First, a short background on Xu Ming and Galaxy Space. While most of the founders of China’s leading commercial space companies come from the traditional space sector, Xu Ming used to be an early employee at mobile app and security company Cheetah Mobile, a company currently trading on the New York Stock Exchange, and who’s valuation at one point exceeded $5B. Around mid-2018, Xu Ming left Cheetah Mobile
and seemingly immediately thereafter, Galaxy Space appeared on the scene. The company has since pivoted from what was originally very clearly a satellite constellation business plan, to what is now a sort of satellite manufacturer/application development company, with an emphasis on areas such as 5G and IoT.
The opinion piece itself brings up some interesting points. First, Xu Ming points out that LEO constellations and the associated spectrum is by and large a first-come, first-serve market. That is, SpaceX, Amazon, OneWeb, Telesat, and a bunch of other western firms have applied for what is limited spectrum and begun to launch satellites into what is limited orbital space. Paraphrasing Xu here, China should make sure to grab their piece of spectrum and their piece of orbit before it’s too late.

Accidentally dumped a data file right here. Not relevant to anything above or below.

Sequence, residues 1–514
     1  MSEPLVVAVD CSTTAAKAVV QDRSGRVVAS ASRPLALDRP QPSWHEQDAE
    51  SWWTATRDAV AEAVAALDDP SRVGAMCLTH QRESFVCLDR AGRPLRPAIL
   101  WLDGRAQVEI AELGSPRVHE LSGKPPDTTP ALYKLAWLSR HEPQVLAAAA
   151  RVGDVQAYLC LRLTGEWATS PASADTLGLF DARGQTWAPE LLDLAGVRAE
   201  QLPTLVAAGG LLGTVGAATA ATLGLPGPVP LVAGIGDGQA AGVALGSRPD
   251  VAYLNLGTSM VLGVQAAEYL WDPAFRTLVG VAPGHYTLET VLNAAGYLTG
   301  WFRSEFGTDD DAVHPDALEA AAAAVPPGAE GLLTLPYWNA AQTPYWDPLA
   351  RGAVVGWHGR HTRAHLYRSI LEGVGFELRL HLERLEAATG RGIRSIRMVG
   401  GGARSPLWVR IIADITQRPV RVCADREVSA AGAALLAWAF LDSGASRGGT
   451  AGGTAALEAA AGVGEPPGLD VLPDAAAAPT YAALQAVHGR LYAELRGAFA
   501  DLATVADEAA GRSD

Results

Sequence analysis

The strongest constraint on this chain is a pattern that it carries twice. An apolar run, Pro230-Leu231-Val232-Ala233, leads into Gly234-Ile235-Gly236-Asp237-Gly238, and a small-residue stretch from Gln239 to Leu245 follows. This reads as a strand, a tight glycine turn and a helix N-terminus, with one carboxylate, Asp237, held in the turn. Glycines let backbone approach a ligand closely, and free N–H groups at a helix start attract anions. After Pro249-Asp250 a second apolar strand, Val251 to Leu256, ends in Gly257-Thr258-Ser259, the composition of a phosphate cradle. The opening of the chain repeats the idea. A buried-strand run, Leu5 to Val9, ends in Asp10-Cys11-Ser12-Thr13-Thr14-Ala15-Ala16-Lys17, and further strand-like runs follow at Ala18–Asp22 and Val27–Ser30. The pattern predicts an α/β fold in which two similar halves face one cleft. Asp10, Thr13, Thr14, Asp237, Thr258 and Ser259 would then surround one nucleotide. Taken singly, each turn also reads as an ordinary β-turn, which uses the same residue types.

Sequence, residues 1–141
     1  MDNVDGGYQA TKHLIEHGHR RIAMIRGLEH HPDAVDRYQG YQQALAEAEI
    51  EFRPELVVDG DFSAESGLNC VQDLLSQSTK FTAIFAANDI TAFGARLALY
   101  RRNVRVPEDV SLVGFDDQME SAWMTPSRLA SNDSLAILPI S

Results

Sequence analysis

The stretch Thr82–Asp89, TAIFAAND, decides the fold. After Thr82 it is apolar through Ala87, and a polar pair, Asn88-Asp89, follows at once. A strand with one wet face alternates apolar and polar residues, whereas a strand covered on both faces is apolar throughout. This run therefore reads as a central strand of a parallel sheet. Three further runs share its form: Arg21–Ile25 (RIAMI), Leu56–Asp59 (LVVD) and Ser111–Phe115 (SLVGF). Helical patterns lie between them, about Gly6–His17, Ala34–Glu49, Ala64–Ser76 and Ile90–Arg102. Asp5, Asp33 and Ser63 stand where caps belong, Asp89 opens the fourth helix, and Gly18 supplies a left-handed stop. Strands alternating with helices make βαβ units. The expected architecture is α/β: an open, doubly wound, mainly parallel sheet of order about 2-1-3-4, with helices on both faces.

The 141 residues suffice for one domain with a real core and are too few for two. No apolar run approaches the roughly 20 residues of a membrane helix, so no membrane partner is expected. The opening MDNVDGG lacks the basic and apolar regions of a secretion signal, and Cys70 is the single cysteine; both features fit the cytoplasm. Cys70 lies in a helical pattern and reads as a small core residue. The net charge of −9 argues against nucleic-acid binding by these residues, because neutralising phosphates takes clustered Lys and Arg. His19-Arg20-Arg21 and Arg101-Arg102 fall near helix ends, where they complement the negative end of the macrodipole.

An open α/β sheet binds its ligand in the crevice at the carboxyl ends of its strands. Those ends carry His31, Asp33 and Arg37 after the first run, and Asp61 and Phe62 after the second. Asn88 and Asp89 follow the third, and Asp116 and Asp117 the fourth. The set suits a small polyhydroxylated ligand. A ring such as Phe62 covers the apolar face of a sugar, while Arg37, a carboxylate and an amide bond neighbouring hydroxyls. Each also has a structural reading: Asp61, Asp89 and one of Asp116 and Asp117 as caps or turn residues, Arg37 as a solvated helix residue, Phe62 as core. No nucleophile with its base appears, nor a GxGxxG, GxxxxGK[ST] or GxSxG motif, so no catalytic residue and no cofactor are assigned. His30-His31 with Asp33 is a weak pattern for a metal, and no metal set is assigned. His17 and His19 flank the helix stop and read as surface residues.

Second, Xu points out that creating a specially-placed company and putting significant emphasis on building out a national broadband constellation in a relatively commercial way would be the first major industrial project undertaken by the Chinese space industry. If China’s space sector has evolved very rapidly, this evolution has indeed primarily been based on science & technology. By building out a space ecosystem that is itself so conducive to commercial usage (i.e. a satellite broadband network), China will inherently be opening up its space sector to some extent (again, paraphrasing here).